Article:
The complex project involves many types of livestock and various intermediary sites, such as auctions and assembly yards
The complexity of developing a code of practice for transport of 14 different species of livestock has forced some changes to the process for the National Farm Animal Care Council.
The last Livestock and Poultry Transportation Code of Practice was developed in 2001 and the updated version is scheduled to be completed by March 2023.
It is the largest ever undertaken by the council, involving not only many types of livestock but also various intermediary sites, such as auction markets, assembly yards, processors and the trucks themselves.
That has created challenges for a process that has previously focused on on-farm practices.
“We had a plan and as we got into the details and got the working groups up and running, it became obvious that there was a lot more common elements between species than we had originally expected,” said NFACC general manager Jackie Wepruk.
So, rather than initially developing species-specific information related to transport, the process will first draft content that is common to all animals covered in the code.
Wepruk said that includes things like the need for transport truck driver training, protection against excess cold and heat while in transport and equipment requirements, for example.
Once the common elements are outlined, committees will work on species-specific requirements and recommendations for inclusion in the code, Wepruk said.
“It also should reduce any duplication when we’re referencing the health of animals regulations.”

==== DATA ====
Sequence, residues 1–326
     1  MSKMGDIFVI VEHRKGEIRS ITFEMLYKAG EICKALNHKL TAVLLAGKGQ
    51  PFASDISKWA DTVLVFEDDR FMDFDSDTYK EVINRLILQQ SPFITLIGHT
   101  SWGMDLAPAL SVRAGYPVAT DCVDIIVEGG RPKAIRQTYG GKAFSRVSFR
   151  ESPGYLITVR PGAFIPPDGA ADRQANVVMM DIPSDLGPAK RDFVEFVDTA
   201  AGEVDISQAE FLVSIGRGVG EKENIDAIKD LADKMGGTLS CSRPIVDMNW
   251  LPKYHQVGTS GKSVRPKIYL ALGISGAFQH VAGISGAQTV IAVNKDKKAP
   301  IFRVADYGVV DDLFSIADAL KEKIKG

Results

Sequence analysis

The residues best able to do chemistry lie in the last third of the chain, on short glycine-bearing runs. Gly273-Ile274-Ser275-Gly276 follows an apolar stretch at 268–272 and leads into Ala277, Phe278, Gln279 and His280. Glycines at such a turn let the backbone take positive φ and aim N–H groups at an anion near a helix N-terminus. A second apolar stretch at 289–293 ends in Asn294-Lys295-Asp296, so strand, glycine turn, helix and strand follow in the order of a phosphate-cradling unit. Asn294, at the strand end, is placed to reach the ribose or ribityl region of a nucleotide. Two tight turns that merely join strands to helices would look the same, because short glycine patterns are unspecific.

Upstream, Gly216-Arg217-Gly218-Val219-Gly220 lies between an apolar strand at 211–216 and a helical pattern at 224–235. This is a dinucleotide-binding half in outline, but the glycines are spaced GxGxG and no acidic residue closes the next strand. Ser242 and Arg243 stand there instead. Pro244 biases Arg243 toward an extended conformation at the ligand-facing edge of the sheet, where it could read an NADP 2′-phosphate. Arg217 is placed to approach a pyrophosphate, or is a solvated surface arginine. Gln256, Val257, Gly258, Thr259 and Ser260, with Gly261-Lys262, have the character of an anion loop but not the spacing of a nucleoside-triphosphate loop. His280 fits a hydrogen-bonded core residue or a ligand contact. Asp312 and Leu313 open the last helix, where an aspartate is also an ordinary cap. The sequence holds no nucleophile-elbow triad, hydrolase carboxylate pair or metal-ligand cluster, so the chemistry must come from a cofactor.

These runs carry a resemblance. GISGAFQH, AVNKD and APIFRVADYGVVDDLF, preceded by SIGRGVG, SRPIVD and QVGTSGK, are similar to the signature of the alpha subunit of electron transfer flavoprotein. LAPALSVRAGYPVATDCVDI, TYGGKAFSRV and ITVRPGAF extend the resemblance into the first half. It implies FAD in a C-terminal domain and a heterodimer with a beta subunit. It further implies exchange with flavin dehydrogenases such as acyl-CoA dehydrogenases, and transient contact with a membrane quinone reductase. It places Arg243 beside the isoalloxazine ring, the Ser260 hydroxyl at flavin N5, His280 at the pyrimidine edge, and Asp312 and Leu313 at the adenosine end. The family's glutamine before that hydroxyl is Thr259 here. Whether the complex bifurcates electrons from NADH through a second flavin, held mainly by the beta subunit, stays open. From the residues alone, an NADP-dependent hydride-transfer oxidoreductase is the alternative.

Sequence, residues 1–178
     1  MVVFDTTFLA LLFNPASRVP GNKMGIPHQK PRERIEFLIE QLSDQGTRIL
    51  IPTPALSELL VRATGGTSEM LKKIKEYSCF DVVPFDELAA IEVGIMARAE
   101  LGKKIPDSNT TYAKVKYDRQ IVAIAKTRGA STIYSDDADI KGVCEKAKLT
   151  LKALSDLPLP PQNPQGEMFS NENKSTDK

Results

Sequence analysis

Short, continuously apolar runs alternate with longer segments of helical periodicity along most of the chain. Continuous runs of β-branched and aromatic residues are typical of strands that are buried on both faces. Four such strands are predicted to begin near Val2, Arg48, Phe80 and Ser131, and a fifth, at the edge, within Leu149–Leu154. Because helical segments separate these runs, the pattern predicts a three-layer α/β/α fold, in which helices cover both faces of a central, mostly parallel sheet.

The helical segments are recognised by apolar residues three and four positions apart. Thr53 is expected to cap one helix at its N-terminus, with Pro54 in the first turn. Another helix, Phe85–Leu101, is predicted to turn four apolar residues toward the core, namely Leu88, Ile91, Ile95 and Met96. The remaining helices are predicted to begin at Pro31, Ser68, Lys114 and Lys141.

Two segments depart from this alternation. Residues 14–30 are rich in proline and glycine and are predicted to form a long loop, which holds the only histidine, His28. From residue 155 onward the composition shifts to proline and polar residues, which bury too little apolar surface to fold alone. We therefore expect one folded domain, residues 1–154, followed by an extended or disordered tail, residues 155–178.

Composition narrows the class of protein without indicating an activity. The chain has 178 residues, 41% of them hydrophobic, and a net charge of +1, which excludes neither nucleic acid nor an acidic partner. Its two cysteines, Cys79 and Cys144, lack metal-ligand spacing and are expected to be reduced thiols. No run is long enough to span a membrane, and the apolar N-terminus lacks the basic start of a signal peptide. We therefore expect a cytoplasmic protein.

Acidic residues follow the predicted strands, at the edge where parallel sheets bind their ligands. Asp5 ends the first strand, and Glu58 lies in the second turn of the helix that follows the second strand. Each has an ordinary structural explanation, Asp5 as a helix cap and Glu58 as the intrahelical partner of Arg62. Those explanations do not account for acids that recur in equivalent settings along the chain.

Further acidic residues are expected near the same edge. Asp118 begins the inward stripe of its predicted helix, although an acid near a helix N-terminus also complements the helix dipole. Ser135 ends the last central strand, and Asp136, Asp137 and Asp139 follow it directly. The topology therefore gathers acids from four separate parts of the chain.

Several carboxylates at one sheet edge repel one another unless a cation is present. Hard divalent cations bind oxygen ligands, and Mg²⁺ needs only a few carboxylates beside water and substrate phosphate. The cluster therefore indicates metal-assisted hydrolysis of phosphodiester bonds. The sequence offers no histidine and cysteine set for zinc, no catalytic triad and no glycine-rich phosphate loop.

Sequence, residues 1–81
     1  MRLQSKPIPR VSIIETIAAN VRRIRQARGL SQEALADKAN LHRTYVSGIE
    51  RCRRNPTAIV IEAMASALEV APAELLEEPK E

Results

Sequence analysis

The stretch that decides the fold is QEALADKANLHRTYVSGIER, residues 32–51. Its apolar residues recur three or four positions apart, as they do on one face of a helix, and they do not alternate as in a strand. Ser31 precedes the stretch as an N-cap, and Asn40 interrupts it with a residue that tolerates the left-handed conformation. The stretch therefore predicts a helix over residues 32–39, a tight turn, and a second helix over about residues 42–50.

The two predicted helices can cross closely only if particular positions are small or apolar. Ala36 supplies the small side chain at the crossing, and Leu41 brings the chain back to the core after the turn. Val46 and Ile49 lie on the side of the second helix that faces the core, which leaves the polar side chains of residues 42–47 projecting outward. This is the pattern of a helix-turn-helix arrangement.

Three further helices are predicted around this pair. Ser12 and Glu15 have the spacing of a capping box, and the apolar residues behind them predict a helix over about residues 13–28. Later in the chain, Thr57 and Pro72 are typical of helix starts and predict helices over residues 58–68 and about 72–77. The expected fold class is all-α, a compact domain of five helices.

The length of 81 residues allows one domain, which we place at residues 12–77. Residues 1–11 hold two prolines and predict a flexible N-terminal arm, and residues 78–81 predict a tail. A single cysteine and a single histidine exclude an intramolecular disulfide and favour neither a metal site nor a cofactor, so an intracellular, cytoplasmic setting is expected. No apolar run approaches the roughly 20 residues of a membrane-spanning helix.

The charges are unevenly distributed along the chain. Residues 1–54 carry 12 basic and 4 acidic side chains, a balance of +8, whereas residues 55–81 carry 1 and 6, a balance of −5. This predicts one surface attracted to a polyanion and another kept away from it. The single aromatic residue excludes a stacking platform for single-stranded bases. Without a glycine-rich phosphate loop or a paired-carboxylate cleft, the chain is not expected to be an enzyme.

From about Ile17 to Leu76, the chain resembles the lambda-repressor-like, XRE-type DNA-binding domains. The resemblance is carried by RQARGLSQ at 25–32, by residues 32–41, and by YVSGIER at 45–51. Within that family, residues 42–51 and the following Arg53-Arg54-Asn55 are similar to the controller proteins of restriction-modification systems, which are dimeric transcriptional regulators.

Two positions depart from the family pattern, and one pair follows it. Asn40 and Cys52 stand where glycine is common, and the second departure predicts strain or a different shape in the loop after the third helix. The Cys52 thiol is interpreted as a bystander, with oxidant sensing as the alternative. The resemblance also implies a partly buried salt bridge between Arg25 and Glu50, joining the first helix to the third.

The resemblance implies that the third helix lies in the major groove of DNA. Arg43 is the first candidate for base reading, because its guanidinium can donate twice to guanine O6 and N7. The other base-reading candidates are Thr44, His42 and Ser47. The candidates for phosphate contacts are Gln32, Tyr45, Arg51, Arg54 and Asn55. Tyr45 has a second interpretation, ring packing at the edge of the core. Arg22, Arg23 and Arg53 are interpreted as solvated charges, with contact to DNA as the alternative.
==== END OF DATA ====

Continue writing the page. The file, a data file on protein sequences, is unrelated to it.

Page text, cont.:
Also unique to this code is the need to include auction markets, assembly yards and other off-farm facilities where animals are loaded and off-loaded. That is likely to require an additional module in the completed version.
In an update about the process, NFACC describes the plan: “The expertise of species-specific WGs (working groups) will continue to be used to tease out animal-specific content. Once the WGs have gone as far as they deem appropriate, their work will be paused until such time that the common content has been populated.
“At that point, the species-specific WGs will reconvene to draft additional species-specific content as needed.”
Wepruk said the change in approach is not likely to affect the proposed completion date.
“We have kind of a hard deadline of March 2023, when the funding ends,” she said, but the council had anticipated this code would take time.
“We already knew that this was going to be the most complex endeavour that we had ever undertaken as far as codes. We knew we were going to have challenges.”
The new approach appears to be more efficient than the original one, Wepruk added.
The NFACC is also developing or updating several other codes of practice. The farmed finfish code is new to the list and will deal with farmed trout, salmon and char, their transport and their on-farm preparation for transport.
The goat code is underway and is expected to be ready for public comment this fall, after which a final updated version will be ready in fall 2021.
The dairy cattle code working group has recently examined data on calf separation, pain control and various housing topics that arose from the scientific committee’s input. A husbandry chapter on stockmanship, milking and handling will be revised.
The updated dairy code of practice is scheduled for completion in fall 2021.